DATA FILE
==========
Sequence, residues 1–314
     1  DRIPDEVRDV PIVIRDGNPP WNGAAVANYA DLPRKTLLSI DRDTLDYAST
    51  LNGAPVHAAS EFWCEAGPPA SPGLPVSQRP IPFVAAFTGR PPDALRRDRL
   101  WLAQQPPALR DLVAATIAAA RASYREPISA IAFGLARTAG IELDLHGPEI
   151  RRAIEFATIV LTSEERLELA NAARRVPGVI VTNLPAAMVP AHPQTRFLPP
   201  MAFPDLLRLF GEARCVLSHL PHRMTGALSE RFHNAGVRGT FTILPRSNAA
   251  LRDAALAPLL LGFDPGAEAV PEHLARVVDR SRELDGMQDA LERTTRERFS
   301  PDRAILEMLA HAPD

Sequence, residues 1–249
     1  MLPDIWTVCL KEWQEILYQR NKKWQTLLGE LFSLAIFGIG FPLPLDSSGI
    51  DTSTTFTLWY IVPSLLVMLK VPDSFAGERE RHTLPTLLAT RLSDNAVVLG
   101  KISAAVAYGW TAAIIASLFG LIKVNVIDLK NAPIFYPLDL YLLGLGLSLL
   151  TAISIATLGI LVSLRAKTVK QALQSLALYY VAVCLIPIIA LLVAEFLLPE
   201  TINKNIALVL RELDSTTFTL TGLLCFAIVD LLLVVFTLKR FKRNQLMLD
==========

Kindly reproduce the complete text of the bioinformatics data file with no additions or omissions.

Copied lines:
Sequence, residues 1–314
     1  DRIPDEVRDV PIVIRDGNPP WNGAAVANYA DLPRKTLLSI DRDTLDYAST
    51  LNGAPVHAAS EFWCEAGPPA SPGLPVSQRP IPFVAAFTGR PPDALRRDRL
   101  WLAQQPPALR DLVAATIAAA RASYREPISA IAFGLARTAG IELDLHGPEI
   151  RRAIEFATIV LTSEERLELA NAARRVPGVI VTNLPAAMVP AHPQTRFLPP
   201  MAFPDLLRLF GEARCVLSHL PHRMTGALSE RFHNAGVRGT FTILPRSNAA
   251  LRDAALAPLL LGFDPGAEAV PEHLARVVDR SRELDGMQDA LERTTRERFS
   301  PDRAILEMLA HAPD

Sequence, residues 1–249
     1  MLPDIWTVCL KEWQEILYQR NKKWQTLLGE LFSLAIFGIG FPLPLDSSGI
    51  DTSTTFTLWY IVPSLLVMLK VPDSFAGERE RHTLPTLLAT RLSDNAVVLG
   101  KISAAVAYGW TAAIIASLFG LIKVNVIDLK NAPIFYPLDL YLLGLGLSLL
   151  TAISIATLGI LVSLRAKTVK QALQSLALYY VAVCLIPIIA LLVAEFLLPE
   201  TINKNIALVL RELDSTTFTL TGLLCFAIVD LLLVVFTLKR FKRNQLMLD